I am convinced my partner has MS but he is terrified of anything to do with hospitals or equipment. As far as I am aware the only conclusive way to determine if his host of symptoms are related to MS is for him to have an MRI brain scan, but he point blank refuses to have this done. In the meantime I am expected to live with his multitude of symptoms and constant moans and groans of everyday living. It is impacting on the entire family. His symptoms include - Forgetfulness, lack of co-ordination, dizzyness, weakness (mainly in legs), shooting pains in feet, weakness in fingers, random chocking (even on liquids), high blood pressure, type II diabetes, high cholesterol, eye sight problems, watery eyes, itchy skin.

GP puts everything down to his diabetes, which I could understand whilst they were trying to get this under control, but now his levels are satisfactory and he is still experiencing all of these symptoms. Albeit he did refer him to neuro but he did not attend the MRI due to intense fear on the day.

Most recently his lack of geography is the most worrying symptom. Before he was able to navigate with no problem but now he is showing a lack of understanding of his surroundings (i.e. not being able to determine which town is nearer when he has lived in this area all of his life).

Looking for tips to manage this situation. Has anyone else cared for someone who was not willing to address their symptoms who can give me some guidance?

Thanks in advance

Hi Karen .

Believe me i dread hospitals i really really do , i had all the symptoms but point blank refused toget help .

One day my legs stopped working when i was out with my dog and i had to call my daughter to come and get me , believe me that was the wake up call i needed , plus the fact i was incontinent .

That was June 4 months later i was diagnosed with ms .

If hes as bad as those symptoms im gobsmacked his GP hasnt refered him to a neuro specialist , its not going to get better and wont go away , the tests dont hurt at all and it will at least tell you one way or another whats going on .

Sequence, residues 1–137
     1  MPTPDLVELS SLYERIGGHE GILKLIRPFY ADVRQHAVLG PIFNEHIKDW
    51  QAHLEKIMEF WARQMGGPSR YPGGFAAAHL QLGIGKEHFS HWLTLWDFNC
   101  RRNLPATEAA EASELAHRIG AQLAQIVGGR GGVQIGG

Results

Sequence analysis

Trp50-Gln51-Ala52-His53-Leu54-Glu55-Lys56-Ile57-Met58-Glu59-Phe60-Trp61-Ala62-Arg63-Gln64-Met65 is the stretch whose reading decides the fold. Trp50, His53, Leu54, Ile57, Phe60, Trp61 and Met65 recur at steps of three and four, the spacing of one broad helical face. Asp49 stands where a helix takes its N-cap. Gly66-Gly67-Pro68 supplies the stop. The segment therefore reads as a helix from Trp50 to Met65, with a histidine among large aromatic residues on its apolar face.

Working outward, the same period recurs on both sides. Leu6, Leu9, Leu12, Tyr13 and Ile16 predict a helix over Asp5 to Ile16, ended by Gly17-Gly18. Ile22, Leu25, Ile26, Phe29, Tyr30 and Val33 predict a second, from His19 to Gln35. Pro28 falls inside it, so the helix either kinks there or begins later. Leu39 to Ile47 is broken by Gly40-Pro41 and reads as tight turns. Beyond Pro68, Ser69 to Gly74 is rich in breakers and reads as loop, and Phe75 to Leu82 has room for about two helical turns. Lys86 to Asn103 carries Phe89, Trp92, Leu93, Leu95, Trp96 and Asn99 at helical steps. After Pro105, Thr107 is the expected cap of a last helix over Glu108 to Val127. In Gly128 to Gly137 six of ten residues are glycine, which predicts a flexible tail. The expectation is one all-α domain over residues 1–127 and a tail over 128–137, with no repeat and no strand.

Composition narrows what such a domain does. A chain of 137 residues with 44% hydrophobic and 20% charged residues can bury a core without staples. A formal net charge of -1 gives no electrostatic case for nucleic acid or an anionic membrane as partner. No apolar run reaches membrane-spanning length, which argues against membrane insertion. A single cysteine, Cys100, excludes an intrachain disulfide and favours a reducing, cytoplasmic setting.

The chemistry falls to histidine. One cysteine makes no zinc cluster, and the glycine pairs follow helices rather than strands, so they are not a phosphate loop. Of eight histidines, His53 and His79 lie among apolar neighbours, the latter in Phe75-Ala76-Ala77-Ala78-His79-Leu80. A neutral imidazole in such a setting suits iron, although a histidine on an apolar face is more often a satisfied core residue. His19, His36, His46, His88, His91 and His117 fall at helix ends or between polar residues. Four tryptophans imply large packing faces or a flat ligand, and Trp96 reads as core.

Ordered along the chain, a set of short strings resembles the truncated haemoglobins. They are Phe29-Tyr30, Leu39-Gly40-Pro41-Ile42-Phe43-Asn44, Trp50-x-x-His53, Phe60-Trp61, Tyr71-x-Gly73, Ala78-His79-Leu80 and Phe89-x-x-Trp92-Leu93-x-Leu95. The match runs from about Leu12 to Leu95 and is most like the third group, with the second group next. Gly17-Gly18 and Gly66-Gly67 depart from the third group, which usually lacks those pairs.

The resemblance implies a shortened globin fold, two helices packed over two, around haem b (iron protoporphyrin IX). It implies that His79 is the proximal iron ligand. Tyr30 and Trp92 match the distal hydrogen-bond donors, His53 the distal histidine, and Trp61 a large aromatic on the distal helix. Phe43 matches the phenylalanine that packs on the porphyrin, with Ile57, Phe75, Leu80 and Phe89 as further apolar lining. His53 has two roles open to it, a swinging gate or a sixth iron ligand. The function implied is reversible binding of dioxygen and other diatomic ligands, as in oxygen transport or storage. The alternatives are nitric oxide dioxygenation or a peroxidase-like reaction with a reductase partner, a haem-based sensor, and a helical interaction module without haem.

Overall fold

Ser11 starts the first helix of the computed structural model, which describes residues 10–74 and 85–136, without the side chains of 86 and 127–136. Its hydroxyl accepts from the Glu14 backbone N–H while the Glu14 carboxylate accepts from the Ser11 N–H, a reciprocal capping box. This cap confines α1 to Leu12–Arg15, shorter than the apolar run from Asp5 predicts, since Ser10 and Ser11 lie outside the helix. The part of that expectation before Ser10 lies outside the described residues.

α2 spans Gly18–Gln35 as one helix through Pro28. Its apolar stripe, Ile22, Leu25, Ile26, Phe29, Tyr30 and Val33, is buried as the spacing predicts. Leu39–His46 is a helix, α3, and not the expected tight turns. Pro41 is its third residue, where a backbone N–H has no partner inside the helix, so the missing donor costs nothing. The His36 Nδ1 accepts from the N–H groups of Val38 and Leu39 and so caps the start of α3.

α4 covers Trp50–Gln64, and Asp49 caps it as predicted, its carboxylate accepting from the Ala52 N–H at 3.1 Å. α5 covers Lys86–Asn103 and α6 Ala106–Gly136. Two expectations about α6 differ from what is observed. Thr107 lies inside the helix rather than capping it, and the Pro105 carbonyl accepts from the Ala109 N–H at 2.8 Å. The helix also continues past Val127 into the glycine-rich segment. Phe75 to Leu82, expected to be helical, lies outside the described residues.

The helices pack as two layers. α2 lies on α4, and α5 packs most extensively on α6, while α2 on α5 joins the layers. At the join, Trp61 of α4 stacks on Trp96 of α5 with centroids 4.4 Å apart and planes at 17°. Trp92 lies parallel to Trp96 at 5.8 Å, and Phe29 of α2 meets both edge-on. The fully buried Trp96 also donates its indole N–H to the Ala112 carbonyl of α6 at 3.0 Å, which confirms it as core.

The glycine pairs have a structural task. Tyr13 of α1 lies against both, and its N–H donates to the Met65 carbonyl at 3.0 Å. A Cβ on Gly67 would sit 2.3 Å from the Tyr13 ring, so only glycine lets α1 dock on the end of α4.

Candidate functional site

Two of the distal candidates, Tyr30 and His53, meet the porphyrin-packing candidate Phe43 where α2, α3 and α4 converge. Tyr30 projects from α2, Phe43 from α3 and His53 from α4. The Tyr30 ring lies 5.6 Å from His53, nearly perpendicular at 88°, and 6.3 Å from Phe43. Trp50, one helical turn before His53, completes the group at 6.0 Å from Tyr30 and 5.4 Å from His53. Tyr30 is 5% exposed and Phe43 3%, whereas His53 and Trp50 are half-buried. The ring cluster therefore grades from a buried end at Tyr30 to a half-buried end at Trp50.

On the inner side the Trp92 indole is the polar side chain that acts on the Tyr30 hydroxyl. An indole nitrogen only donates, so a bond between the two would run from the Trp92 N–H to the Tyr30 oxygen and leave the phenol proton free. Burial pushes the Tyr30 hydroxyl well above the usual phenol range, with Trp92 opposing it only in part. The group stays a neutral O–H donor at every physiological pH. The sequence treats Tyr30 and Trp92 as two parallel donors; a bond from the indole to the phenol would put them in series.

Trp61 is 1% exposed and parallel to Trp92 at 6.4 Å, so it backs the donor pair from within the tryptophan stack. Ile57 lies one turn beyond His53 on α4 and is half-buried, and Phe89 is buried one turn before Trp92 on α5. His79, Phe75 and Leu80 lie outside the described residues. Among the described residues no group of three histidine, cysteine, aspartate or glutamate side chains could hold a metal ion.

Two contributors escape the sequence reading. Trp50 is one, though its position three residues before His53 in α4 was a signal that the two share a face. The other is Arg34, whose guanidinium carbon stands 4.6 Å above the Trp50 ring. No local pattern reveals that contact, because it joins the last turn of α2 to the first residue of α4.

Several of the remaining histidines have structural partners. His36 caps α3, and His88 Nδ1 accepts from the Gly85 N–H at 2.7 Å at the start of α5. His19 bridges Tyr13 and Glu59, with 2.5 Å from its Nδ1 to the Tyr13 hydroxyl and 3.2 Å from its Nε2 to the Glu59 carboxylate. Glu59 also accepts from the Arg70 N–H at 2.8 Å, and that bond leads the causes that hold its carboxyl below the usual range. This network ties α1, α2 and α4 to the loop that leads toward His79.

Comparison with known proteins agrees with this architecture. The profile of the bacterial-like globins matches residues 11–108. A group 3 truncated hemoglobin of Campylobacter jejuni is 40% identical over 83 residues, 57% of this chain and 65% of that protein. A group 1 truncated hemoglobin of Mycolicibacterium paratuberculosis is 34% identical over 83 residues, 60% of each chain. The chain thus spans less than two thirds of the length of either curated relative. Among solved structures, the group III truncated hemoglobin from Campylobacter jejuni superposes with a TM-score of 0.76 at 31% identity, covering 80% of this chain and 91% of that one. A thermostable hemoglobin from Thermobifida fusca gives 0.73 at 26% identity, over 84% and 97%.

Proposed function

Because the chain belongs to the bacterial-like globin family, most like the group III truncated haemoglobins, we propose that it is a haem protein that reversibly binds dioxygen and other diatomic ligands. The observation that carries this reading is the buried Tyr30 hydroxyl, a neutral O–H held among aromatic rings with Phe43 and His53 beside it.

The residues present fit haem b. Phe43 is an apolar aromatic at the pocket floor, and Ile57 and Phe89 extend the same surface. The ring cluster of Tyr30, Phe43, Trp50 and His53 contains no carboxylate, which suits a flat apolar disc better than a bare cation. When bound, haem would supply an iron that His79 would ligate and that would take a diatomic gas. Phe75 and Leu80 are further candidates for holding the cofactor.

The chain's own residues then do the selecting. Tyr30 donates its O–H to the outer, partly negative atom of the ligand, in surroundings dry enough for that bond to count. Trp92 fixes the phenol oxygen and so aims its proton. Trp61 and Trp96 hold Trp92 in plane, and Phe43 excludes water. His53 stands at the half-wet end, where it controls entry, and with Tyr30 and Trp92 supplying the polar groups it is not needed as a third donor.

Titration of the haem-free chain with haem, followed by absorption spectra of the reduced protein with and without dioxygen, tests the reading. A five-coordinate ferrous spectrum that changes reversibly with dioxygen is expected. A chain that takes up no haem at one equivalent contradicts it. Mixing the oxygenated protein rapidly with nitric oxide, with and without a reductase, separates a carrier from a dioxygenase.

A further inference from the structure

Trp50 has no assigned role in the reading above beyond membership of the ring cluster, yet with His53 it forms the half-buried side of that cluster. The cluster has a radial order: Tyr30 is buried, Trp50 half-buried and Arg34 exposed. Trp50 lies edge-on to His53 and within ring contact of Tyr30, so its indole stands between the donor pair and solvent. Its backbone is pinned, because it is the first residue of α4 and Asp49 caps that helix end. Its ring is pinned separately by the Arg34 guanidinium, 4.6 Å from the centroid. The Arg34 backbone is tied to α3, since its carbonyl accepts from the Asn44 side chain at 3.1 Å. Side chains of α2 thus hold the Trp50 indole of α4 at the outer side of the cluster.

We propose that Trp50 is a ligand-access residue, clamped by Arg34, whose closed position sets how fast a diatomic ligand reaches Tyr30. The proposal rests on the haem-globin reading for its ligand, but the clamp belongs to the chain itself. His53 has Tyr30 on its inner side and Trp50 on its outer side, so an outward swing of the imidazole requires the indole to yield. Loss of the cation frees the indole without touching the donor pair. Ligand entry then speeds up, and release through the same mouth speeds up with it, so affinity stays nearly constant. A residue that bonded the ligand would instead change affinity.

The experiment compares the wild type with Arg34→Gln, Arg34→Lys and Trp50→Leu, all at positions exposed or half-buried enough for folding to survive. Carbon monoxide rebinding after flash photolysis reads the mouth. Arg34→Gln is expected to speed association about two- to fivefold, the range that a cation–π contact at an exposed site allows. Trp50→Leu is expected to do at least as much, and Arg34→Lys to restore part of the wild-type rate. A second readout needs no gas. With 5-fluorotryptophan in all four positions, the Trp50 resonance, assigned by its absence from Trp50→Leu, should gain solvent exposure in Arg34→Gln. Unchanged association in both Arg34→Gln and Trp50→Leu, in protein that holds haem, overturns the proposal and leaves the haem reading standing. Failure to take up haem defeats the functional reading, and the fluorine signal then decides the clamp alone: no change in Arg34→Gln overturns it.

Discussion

Please tell him to see his GP asap and book in to see a neuro doc .

Regards Iain .

Hi Karen

So the GP referred him to a neuro, the neuro arranged an MRI but he didn’t keep the appointment? Do I have the sequence right? Or did the GP refer him for the MRI?

Regardless of which it is, if he’s having cognitive problems to the extent of losing his geographical knowledge of the local area, he must be very quietly terrified that he’s losing his marbles, got early onset Alzheimer’s or another serious cognitive problem.

So the way to persuade him to get tested is to convince him that regardless of what it is, diagnosis of MS might actually be a good thing, because there might be treatment which can stop his cognitive decline. And even if it’s not MS, there might be something that can stop any further damage.

Meanwhile, if his physical and cognitive problems get worse, he risks damage being permanent. And it’s possible that this can be avoided by seeing doctors, including a neurologist, having tests, including an MRI and getting some answers. And maybe even treatment to make things better, or at least arrest the damage.

Also, that you’re not running away from him even if there is a serious problem.